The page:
Chambers takes the Chamber
The Connaught covers the election to the chair of the County Council with the Tallyman and Tom Kelly providing coverage and comment. Councillor Frank Chambers has been elected cathaoirleach of Mayo County Council for the first time. The Newport-based Fianna Fail member, who was first elected to the authority in 1979, succeeded Councillor Tim Quinn in the prestigious 50,000 euro per annum role. Chambers defeated Councillor Flannery of Fine Gael in a contested election for the position.
It seems the old "your turn, our turn" rotating chair in the council chamber is gone and Chambers is the new chamber boss. Fierce recriminations altogether because neither Finn, an independent, nor the Sinn Fein member voted Fine Gael in support of poor old Flannery (who to my eye an ear is more a Fianna Fail member than a Fine Gael member in the first place). Michael Ring is reported as saying they must have promised him (Finn) a lot because what we [Fine Gael] offered him was an awful lot. Ah but we know that FF are very good ‘promisers’ now don’t we after the last election? They FF made Finn leas-cathaoirleach, however, so even if his pay is only a fraction of the 50 grand that Chambers will now get it’s not bad payback for the support - but maybe there's no pay for the vice-chair at all?
Chambers in his acceptance speech mentioned the CPO for new road for the 30km stretch from the end of the Swinford bypass to the Roscommon border – music to my ears. Not so sure though about the enthusiasm for the Ballina-Bohola road, which is due to start and will cut another bridge through the River Moy.
Unfortunately Chambers, an auctioneer, also mentioned the need for the dreaded rural housing as a strong priority – at least that’s the way I read it but perhaps I am wrong. He couldn’t really promote his own trade could he when steering decisions through the chamber at Aras an Chontae? Am I really so jaundiced that I detect conflict of interest in such an innocent thing as a professional auctioneer in charge of the planning authority as the highest, elected representative earning 50,000 euros per annum as County Council chairman? Naw! The auctioneer chairing the highest decision making body in the County wanting to promote the building of houses in rural areas? I am sure he will absent himself from planning decisions that would affect his future business. I am sure he is also against the destruction of hedges with their rich biodiversity? I am certain he favours proper treatment plants rather than septic tanks? And of course he advocates controlled town and village developments rather than ribbon development and that scattered rural dwellings all over the place are anathema to him? And would he, an estate agent, ever take business from a farmer who simply wants to make a few bucks by selling off a plot or maybe even three plots along the access road? Ditto for his also-auctioneering sidekick Richard Finn? How many of the boys on Mayo County Council are auctioneers anyway?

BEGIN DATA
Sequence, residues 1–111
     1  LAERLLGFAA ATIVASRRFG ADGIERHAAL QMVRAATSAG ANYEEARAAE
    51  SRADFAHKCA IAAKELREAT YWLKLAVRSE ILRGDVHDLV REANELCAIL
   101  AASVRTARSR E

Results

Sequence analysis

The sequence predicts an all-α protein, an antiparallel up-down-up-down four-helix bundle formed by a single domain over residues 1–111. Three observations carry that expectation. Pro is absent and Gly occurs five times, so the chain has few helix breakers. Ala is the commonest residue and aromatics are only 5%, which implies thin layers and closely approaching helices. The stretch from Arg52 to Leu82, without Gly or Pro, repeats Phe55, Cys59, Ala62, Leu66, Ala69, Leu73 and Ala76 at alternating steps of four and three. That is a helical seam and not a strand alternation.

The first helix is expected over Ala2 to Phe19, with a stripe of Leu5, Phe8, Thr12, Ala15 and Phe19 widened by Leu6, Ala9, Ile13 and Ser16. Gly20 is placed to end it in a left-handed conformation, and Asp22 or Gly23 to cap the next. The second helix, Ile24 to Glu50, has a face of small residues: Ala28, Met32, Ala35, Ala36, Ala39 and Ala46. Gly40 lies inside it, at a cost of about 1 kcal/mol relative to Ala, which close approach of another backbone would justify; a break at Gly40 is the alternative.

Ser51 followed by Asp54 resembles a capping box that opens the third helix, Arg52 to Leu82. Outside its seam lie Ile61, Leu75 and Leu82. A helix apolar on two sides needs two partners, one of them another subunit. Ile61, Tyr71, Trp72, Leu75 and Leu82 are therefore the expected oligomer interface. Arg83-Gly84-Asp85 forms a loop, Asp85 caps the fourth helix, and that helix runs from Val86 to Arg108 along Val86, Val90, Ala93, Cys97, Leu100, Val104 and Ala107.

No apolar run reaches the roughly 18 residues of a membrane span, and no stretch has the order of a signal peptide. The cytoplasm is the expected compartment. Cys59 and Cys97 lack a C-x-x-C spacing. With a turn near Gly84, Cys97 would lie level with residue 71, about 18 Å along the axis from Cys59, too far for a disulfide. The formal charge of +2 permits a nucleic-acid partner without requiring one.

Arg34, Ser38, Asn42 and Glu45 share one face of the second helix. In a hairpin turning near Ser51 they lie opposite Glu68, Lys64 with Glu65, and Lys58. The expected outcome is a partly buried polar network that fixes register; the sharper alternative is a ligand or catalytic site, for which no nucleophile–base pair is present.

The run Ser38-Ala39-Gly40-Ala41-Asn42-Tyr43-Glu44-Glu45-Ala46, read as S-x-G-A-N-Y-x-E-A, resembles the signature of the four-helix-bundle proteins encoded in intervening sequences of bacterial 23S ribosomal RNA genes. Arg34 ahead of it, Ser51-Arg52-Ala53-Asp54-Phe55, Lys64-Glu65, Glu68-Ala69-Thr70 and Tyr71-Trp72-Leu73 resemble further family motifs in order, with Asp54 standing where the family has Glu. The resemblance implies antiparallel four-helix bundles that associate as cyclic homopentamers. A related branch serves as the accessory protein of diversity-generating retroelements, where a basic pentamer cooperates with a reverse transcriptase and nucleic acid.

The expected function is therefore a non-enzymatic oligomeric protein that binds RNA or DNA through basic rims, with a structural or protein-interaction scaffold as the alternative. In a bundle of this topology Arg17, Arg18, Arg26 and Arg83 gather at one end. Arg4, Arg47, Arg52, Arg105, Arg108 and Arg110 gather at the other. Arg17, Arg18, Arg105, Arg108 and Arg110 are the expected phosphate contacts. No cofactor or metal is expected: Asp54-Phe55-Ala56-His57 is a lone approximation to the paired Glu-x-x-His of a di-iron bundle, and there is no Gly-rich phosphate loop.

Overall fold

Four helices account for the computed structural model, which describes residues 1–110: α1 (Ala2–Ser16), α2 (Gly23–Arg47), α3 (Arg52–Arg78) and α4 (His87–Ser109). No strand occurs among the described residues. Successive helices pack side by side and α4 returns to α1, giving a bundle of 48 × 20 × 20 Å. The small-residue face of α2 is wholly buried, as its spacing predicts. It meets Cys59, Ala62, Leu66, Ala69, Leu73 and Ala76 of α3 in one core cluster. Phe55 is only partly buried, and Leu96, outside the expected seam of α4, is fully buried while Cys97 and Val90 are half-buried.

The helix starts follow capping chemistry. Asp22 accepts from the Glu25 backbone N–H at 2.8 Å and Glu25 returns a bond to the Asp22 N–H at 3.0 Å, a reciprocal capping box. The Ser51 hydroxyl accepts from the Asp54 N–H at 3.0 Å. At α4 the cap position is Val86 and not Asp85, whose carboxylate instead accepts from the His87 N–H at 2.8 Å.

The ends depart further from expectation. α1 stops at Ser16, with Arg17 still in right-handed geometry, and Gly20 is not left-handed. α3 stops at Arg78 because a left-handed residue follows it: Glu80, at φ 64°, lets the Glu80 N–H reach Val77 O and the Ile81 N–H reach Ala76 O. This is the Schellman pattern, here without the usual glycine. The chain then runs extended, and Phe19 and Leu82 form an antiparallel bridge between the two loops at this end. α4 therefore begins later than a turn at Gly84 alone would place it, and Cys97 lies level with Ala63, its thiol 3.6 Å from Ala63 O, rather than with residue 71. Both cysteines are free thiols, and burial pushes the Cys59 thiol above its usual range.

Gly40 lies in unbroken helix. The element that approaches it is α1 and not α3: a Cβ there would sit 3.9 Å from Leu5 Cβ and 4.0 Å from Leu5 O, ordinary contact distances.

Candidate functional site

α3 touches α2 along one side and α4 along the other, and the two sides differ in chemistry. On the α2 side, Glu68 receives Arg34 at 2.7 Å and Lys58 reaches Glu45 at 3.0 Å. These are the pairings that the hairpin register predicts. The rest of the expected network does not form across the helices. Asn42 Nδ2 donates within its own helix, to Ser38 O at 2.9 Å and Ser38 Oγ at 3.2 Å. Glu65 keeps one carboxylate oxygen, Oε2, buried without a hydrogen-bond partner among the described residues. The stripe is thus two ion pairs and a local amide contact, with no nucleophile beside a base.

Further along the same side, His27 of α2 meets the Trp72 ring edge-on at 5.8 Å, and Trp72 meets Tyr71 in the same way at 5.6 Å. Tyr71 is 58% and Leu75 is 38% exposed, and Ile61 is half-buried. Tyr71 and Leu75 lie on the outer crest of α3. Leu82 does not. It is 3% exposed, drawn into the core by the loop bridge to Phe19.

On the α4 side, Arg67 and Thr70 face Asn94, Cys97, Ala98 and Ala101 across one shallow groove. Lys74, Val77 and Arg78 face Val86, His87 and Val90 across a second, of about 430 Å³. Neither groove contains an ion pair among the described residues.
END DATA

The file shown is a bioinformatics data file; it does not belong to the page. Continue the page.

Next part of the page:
To end on a ‘nice’ note though, the new chairman also mentioned support for the disabled as a priority given his 10 week lay-up following a car accident before the last general election which undoubtedly lost him a seat in the Senate if not the Dail.
The West’s awake but are 'they' listening? To anyone in the Castlebar who has ever tried to get to Cork by rail the Western rail corridor makes enormous sense. For decades it has been two sides of the triangle when one would do. As you walk up and down the platform in Portarlington you realise that you you are only 40 minutes from Dublin but almost three hours from Cork when you should be almost at your destination. Ditto for Limerick and Galway – no sensible rail link and buses that generally favour the scenic route stopping here there and everywhere unless you have carefully selected the correct ‘express’ bus. When you think that in Spain you can go from Madrid to Cordoba - about twice the distance from Castlebar to Dublin - in roughly half the time it takes us to rail to Dublin you see how primitive our rail system is. And this is in comparison with a country that typically we superior Irish would view as being almost third world – a charming place we visit on holidays. Unfortunately Dublin Central.Gov types also view the West of Ireland in this way – a third world part of Ireland. (What would they do with a rail line? And sure it would cost too much.) The West is a place for the Dublin 4 Central.Gov types to visit on holiday and enjoy its primitive charms. They jam up our roads for most of the summer but release funds for rail lines? Naw!